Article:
My Legislative Wish List

This week’s Courier Herald column:

We’re now just days away from Christmas. A week later is New Years. After a brief time to give resolutions an old college try, legislators will convene in Atlanta for a statewide election year session of the Georgia General assembly. It is with these tight deadlines in mind that I offer a list of Christmas wishes, hoping that it is not too late for the elves at the North Pole – or the gold dome.

First and foremost, it’s time that legislators take another serious look at Georgia’s transportation network. Our ports and airports keep us connected to the rest of the world (at least when the power is on), but our intrastate network continues to show signs of stress. Atlanta continues to experience gridlock, while other parts of the state lack direct connectivity.

My wish for the Atlanta area is not a predefined solution. Options such as trains (both heavy and light rail), bus rapid transit, additional toll lanes, and even bike lanes are on the table. My wish is that leaders go west – and east.

Right now most solutions continue to add capacity bringing people to or through the perimeter to move around the metro area. Solutions for the metro area must include more east-west routes. This could include additional transit options across the top end perimeter and/or points north, as well as grade-separation (think mini-interchanges) at major intersections to make existing east-west routes more efficient.

Outside of Atlanta, the need is more freight capacity. This includes road and rail. Every truck that can go around Atlanta is a truck not adding to traffic in Atlanta. This helps congestion in Atlanta and the economy in the rest of the state.

My wish for education is that Georgia legislators make commitments to school choice beyond lip service. Several years ago there was real momentum with Georgia becoming a national leader in the school choice movement. The defeat of the Opportunity School District amendment seems to have stymied progress.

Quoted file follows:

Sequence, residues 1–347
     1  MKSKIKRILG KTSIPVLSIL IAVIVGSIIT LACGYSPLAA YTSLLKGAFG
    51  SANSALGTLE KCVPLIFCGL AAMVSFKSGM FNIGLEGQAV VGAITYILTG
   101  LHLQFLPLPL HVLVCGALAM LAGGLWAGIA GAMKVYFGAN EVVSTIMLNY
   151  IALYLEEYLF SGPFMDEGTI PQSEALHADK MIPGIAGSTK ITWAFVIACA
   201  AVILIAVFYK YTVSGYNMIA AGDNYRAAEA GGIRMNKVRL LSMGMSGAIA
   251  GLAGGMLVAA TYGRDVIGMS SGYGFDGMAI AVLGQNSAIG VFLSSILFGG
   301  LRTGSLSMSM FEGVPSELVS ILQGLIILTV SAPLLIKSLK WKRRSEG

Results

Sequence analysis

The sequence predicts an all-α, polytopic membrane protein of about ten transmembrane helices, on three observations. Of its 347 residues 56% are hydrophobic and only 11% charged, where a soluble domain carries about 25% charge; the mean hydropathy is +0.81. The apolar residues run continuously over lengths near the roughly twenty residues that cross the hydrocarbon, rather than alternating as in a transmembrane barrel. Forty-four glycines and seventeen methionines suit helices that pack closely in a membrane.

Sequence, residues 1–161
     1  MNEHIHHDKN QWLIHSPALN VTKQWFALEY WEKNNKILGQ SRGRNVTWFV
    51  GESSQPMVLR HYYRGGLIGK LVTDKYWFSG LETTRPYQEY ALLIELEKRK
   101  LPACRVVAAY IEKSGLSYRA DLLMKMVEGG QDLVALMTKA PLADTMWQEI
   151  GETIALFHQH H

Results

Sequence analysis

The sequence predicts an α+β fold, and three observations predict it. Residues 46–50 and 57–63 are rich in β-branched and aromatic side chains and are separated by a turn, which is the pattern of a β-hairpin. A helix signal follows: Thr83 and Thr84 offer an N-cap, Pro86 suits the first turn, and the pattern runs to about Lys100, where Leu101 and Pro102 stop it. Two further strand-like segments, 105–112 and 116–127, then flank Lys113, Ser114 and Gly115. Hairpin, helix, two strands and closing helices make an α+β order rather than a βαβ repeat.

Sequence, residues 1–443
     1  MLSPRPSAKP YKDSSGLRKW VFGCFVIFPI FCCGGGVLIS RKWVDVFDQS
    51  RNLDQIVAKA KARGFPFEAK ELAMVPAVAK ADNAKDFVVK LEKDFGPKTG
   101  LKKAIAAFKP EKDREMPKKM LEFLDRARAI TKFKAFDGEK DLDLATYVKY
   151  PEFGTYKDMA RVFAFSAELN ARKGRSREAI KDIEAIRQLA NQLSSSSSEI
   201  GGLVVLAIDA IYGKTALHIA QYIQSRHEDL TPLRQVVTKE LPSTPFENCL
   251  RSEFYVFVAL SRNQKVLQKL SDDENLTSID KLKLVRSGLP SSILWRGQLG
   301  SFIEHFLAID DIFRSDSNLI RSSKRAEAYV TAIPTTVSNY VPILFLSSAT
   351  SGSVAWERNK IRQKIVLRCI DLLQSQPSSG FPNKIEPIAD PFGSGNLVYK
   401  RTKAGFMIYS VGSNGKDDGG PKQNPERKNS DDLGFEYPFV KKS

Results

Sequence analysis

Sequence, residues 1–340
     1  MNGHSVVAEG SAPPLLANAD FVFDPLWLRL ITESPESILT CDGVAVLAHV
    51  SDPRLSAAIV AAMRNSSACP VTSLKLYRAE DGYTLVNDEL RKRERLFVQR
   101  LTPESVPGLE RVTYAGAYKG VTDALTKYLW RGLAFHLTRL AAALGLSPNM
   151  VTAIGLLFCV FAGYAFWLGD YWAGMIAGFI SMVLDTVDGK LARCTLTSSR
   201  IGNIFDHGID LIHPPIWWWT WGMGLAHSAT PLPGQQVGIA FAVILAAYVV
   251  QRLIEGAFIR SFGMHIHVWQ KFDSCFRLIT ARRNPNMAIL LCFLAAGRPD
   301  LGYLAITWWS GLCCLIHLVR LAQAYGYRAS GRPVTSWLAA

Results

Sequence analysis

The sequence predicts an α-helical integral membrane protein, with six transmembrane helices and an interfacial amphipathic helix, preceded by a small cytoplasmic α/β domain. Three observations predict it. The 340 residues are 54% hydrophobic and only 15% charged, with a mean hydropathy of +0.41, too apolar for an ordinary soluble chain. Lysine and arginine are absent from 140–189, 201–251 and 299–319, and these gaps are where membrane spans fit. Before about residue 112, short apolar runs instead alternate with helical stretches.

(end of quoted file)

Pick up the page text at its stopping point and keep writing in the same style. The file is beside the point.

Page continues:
Much like the defeat of T-SPLOST temporarily thwarted solutions on fixing our transportation infrastructure, the defeat at the ballot box didn’t mean there wasn’t a problem. It meant that voters didn’t like the proposed solution.

The place for choice advocates to start is to quit selling the model, and focus on the core of the solution. Quite simply, schools exist to serve the student. The students and their advancement must be at the center of all education discussions. The goal must be that students are funded according to their need, regardless of the kind of school from which they receive their instruction.

On healthcare, we have to understand that Medicaid is fundamental to financing much of our rural and urban healthcare system. We don’t have to like it, and we can wish all day that so many federal strings weren’t attached to our hospitals and our doctors. This is the reality state policymakers are given. Yet we don’t currently fund the system we have.

Medicaid rolls in Georgia increased more than 50% after the Affordable Care Act became law. Georgia “expanded” Medicaid without actually expanding it. And yet, hospitals and doctors report receiving less than 85 cents on the dollar of their costs to provide services to Medicaid patients.

We can’t continue to ask rural and urban hospitals to lose money on a majority of their patients and then stay in business under “free market principles”. We must recognize the disconnect between our slogans and our reality.

This means increasing provider payments on Medicaid services, and identifying the revenue stream to compensate hospitals and doctors for the cost of treating indigent patients. In exchange, this means taking a look at the myriad of regulations that simultaneously stifle competition in healthcare delivery. And yes, that means opening up the state’s Certificate of Need laws for major revisions.

And finally, my wish is that candidates who are already grandstanding over talking points show their work. Georgia currently has one of the lowest state tax burdens in the nation and is the most competitive state to do new business. Yet to hear some of them tell it, we can somehow eliminate the state income tax (and thus HALF of the state’s revenue), and either double spending or transportation or have the state assume the costs of local law enforcement while balancing the budget. These claims beg for specifics, and beyond this Christmas wish, I’ll be asking for them again in the new year.